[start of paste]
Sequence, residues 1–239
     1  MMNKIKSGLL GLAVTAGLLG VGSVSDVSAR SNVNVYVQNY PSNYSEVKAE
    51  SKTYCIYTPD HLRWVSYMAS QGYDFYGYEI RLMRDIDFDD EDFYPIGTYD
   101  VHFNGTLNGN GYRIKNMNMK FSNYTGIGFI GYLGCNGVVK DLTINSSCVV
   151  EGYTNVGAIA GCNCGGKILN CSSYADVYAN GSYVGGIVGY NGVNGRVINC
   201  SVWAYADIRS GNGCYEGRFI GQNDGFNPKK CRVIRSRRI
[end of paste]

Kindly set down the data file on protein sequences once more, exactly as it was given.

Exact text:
Sequence, residues 1–239
     1  MMNKIKSGLL GLAVTAGLLG VGSVSDVSAR SNVNVYVQNY PSNYSEVKAE
    51  SKTYCIYTPD HLRWVSYMAS QGYDFYGYEI RLMRDIDFDD EDFYPIGTYD
   101  VHFNGTLNGN GYRIKNMNMK FSNYTGIGFI GYLGCNGVVK DLTINSSCVV
   151  EGYTNVGAIA GCNCGGKILN CSSYADVYAN GSYVGGIVGY NGVNGRVINC
   201  SVWAYADIRS GNGCYEGRFI GQNDGFNPKK CRVIRSRRI